Hartford Remembers the Holocaust
Notes for teachers to prepare students for visiting the exhibit at the University of Hartford
If we erase memories of events like the Holocaust, then it will be difficult to empathize with people today whose identity makes them vulnerable. One way to gain perspective is for students to read the accounts of those who experienced the Holocaust. That is why they are here at this museum. They have the opportunity to find out about six people who experienced the Holocaust and by understanding their stories, they will have a better idea of the choices and lack of choices these Holocaust survivors had and how governments and individuals reacted to them.
Before visiting the exhibit, it is suggested that students fam
iliarize themselves with the online materials that correspond to this exhibit. Students should read the introduction to the exhibit. Here is the link: http://www.hartford.edu/a_and_s/greenberg/museum/hartford-remembers-holocaust/about.aspx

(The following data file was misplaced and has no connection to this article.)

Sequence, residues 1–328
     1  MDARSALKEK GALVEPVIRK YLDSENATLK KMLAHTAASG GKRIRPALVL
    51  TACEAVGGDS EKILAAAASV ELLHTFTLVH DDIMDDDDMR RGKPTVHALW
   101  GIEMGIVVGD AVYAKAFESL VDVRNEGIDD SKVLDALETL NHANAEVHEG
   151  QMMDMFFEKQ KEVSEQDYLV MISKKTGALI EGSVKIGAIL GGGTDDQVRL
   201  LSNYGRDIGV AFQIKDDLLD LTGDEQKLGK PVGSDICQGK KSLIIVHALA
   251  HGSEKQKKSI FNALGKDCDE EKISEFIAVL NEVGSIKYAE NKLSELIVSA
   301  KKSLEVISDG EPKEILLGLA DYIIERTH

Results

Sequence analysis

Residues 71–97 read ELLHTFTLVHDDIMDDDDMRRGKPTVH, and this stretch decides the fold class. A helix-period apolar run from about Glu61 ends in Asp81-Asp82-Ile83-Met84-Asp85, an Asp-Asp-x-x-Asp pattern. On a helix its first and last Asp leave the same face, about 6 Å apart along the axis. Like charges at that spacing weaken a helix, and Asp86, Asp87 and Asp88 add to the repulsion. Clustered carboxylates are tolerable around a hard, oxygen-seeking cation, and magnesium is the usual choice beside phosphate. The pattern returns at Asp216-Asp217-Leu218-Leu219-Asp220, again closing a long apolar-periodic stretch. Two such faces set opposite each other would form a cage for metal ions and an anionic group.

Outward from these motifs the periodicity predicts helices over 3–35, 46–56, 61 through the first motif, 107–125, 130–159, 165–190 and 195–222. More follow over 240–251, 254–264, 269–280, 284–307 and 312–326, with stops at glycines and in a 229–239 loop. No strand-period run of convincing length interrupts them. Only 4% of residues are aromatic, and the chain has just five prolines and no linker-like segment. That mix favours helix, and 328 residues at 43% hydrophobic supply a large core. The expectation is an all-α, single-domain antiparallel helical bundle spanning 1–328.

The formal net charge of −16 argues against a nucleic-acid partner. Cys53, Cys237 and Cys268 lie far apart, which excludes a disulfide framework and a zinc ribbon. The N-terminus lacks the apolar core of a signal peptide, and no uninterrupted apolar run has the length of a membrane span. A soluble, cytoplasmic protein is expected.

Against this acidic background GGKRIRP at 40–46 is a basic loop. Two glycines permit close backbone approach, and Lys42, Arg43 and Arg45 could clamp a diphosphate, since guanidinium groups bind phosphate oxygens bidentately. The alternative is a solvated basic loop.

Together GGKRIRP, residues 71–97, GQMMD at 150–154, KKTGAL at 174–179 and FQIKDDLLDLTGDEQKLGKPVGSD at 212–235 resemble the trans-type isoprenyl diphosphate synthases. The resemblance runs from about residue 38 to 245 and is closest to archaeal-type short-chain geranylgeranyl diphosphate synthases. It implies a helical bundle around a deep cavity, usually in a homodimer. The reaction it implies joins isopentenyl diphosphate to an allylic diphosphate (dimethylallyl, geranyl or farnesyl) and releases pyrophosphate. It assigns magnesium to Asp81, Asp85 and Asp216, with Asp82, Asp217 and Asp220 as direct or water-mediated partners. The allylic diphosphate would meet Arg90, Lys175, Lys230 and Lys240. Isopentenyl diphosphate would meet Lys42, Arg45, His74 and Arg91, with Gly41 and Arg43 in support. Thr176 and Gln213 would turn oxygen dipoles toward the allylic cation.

Then, students should read about and listen to the video testimonies of Ruth “Tutti” Fishman. This will give students a context for the exhibit and for her doll that is exhibited in the museum. In addition, they will know how to access the information if they need more time to listen to other video testimonies after their visit.
Have students consider the following questions as they listen to Tutti’s testimony: ● What will you remember most about her testimony? ● What is the importance of her doll? ● Why does she say that “the world hasn’t learned yet”?
Schools that sign up for the field trip will have two choices for visiting: 3 hour session that includes a presentation from a survivor and activities at the museum or a 2 hour session where students will visit the museum and participate in activities but have a survivor visit the school prior to/after the trip. For both options, students will be divided into three groups to experience the museum and engage in activities connecting the Holocaust to the refugee crisis today.